Malaysia has stepped up regional cooperation on intelligence sharing to counter the Islamic State in Iraq and Syria (ISIS), especially the danger that Islamic militants pose to states such as Sabah, Defence Minister Hishammuddin Hussein said.
Datuk Seri Hishammuddin's remarks at a press conference yesterday followed Australian news reports that funds linked to a convicted terrorist had been transferred to a Malaysian account.
He told reporters that the Malaysian authorities have been monitoring developments regarding ISIS "very, very closely... especially in the context of Sabah", which has been the target of attacks by Islamic militants from the Philippines since last year.
"I can confirm that (following) developments in Iraq and Syria with regard to ISIS and repercussions of that in our region, (we have) refocused on intelligence sharing... and I have already put in place channels for the sharing of information with international intelligence agencies," he said.
The southern Philippines, Mr Hishammuddin said, is home to groups such as Abu Sayyaf, which recognises and supports ISIS, and the Moro National Liberation Front, a paramilitary group committed to establishing an Islamic caliphate that covers Sabah, Sarawak, southern Philippines, Brunei and parts of Indonesia.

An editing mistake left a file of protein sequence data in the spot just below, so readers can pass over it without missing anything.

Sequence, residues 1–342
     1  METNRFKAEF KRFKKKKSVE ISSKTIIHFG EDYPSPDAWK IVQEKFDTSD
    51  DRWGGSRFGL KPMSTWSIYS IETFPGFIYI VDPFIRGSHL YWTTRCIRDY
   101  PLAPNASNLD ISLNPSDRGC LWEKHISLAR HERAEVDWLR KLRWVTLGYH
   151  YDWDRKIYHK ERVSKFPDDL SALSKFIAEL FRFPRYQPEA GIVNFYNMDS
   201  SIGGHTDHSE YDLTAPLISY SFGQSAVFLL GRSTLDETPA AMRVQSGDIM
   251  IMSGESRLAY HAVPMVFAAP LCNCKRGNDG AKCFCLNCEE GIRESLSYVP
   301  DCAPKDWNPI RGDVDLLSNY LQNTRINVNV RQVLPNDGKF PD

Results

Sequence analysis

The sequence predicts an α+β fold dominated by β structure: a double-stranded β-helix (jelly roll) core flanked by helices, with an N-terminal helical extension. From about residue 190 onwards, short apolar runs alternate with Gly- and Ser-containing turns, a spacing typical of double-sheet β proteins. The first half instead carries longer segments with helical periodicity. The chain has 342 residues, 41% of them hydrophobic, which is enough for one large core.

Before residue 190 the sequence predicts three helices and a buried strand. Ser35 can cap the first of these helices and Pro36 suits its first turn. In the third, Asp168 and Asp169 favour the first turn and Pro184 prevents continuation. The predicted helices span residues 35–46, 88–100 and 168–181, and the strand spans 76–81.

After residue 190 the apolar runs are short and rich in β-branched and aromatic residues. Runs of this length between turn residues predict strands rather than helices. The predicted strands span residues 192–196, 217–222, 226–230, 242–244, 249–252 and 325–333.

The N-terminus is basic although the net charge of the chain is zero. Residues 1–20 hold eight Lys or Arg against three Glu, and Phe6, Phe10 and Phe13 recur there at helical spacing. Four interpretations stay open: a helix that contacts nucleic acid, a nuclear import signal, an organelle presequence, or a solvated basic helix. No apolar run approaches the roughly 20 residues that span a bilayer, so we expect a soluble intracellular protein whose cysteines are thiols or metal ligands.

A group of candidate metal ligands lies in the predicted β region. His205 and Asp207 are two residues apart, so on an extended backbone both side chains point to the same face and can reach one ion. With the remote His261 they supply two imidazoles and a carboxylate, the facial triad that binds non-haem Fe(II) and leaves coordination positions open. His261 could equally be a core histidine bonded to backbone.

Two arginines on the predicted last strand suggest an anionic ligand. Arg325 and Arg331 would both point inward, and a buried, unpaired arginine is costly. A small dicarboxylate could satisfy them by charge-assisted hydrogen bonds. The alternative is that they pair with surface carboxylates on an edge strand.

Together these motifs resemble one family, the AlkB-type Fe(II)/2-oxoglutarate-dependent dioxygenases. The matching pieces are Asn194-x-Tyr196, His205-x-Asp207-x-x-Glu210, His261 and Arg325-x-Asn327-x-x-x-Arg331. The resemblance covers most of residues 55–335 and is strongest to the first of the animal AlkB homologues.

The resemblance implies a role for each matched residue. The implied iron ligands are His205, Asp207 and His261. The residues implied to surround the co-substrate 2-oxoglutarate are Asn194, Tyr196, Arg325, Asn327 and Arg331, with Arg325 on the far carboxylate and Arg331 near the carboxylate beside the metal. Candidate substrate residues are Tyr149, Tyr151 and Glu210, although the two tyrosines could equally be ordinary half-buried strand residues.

"Information regarding funds being moved and channelled, I can assure you, we will take it very seriously," he added.
According to The Australian, Bisotel Rieh Global Money Transfer, a money remittance firm linked to a convicted terrorist, is under investigation over A$9 million (S$10.3 million) in missing funds, including RM110,000 (S$43,300) to an unnamed Malaysian.
Home Affairs Minister Ahmad Zahid Hamidi said yesterday that police had already begun investigations prior to the news report and it would be up to their Australian counterparts to take action.
Malaysia has been clamping down on Islamic militancy.
Earlier this year, a nationwide crackdown nabbed 19 people suspected of ISIS links, seven of whom are to be charged next month.
The Star yesterday also reported that security at all immigration checkpoints has been tightened following reports that four ethnic Uighurs linked to ISIS had transited in Malaysia before they were detained in Indonesia.
The Jakarta Post reported on Tuesday that the four had used fake passports bought in Thailand before entering Malaysia en route to Bandung, Java, and then on to Makassar, Sulawesi, where they were met by Indonesian militants.
This article was first published on September 19, 2014.
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